Granted, there were some prospects given up that have since blossomed into prominent players a la Joe Nathan, Francisco Liriano, and Jeremy Accardo.

But until the team started to realize that Bonds was not always going to be there, that strategy was a sound one.

However, once the front office (Sabean especially) realized the importance of homegrown talent, he and his staff quickly transformed the farm system.

Starting in 2005, what was once a system used mainly as trade bait and perennially ranked as one of the worst in the league gradually improved.

In 2009, the Giant farm system boasted the highest organizational winning percentage.

I think that Sabean deserves a lot of the credit for this turnaround, and since Bill Neukom has taken over, their prospects in the minors have shown much promise, especially in this economy, where the free agent market is getting more expensive.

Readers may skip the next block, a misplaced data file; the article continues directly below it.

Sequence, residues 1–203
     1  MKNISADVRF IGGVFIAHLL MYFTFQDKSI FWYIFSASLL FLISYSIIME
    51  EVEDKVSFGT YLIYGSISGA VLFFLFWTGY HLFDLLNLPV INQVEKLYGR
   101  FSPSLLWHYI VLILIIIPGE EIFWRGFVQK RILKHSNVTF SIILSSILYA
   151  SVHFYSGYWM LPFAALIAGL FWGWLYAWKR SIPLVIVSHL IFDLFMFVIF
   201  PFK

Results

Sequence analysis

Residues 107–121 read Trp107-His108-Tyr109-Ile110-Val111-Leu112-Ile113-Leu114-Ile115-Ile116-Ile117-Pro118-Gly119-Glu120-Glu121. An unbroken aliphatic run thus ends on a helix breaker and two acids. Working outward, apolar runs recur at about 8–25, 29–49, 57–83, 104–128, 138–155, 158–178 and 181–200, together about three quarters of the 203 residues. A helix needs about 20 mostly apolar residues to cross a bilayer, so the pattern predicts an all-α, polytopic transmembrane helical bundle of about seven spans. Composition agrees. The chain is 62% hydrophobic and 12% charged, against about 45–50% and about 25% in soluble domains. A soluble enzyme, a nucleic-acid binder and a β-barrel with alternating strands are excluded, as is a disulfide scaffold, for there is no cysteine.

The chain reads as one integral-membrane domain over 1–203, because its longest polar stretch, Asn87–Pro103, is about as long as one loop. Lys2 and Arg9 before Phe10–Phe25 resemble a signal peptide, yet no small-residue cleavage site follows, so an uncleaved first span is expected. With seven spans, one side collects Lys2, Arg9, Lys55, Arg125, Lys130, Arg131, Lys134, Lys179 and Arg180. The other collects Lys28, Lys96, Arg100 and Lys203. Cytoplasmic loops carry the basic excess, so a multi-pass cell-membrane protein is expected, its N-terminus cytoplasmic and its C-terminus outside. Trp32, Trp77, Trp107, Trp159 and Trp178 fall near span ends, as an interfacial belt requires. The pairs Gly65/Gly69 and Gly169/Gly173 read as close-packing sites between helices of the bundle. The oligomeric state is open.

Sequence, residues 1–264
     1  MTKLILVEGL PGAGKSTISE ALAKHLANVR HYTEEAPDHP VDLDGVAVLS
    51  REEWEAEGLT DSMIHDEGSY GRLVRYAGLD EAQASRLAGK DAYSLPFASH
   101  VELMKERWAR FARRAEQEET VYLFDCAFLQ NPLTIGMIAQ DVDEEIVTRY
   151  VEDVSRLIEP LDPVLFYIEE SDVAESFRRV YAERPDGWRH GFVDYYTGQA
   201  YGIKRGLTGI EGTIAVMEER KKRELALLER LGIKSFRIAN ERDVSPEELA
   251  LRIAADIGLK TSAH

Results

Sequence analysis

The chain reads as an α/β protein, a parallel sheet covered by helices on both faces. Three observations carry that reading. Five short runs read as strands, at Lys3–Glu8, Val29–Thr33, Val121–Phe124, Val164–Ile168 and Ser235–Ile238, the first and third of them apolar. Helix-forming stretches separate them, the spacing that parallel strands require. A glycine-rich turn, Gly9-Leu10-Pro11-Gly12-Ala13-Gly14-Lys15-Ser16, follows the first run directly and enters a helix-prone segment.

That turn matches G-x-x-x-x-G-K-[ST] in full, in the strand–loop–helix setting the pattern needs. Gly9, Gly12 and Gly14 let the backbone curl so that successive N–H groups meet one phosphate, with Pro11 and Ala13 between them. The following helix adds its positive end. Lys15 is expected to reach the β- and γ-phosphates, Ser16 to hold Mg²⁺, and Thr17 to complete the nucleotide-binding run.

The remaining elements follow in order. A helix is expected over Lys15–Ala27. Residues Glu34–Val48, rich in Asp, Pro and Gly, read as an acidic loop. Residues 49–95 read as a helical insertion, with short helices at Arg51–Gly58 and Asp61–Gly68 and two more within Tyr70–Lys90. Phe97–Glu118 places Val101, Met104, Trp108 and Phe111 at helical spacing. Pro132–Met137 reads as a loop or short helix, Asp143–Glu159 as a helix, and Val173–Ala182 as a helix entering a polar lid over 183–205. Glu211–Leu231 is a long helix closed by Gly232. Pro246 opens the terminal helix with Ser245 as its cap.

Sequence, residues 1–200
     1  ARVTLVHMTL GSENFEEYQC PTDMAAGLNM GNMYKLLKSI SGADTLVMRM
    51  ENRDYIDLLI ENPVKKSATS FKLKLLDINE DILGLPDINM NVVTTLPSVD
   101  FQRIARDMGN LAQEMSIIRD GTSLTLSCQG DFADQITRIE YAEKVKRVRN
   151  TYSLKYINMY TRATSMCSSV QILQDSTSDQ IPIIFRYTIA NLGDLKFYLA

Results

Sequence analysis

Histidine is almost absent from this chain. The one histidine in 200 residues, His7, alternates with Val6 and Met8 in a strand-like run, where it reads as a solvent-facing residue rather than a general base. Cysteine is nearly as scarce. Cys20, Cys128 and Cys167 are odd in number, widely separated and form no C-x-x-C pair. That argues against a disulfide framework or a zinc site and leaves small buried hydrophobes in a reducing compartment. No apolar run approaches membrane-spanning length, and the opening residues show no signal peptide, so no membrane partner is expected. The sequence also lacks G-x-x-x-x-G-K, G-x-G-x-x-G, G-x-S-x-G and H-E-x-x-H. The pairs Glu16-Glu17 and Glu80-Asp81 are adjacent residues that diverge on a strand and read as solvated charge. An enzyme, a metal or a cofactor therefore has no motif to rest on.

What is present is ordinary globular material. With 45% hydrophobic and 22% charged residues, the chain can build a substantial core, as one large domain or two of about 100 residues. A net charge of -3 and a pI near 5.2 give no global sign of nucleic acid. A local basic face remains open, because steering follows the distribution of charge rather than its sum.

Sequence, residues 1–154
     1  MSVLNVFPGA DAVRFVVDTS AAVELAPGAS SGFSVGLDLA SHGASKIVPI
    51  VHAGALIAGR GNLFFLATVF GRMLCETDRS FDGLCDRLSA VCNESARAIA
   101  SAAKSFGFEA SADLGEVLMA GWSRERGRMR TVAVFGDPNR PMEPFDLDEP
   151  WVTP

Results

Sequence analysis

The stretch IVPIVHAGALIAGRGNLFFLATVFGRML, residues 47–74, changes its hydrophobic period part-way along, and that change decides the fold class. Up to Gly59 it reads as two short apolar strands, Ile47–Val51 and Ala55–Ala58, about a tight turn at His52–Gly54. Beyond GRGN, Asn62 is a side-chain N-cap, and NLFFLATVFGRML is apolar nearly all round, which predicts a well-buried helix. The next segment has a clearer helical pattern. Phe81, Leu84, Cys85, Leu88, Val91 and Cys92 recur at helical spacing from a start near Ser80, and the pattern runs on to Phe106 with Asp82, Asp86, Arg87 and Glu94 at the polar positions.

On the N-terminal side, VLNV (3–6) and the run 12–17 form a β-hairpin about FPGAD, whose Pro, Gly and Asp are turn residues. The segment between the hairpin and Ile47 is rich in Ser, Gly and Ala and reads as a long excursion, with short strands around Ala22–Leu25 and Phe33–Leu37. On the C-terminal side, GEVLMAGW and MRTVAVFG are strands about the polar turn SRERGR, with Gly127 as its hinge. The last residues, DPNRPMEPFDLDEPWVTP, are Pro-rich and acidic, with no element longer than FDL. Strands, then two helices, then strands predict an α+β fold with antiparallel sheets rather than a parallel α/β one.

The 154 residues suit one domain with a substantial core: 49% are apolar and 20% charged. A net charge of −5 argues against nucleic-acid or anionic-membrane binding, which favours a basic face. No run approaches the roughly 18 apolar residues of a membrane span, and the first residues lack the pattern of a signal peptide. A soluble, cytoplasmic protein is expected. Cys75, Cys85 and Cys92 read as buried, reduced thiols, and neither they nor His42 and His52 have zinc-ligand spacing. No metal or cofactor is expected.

For Bochy, I am a little more skeptical, but I cannot argue with results.

If I were managing the Giants, Nate Schierholtz would play more, Garko would hit against lefties, and Renteria would have had more rest in the last couple months. But, like I said, the results don't lie.

Something happened from last year to this one, and it wasn't just a full year of the Panda.

Bochy can frustrate me to pieces sometimes, like when he takes out pitchers after one baserunner reaches, but there's something about him that keeps winning games.

I just can't accept that a team makes all of the decisions that the Giants did without good coaching. He's proven that he's at least smart enough to lead winning teams as he did in San Diego, and has turned around this team in San Francisco.

More importantly, the options for replacing Bochy are limited.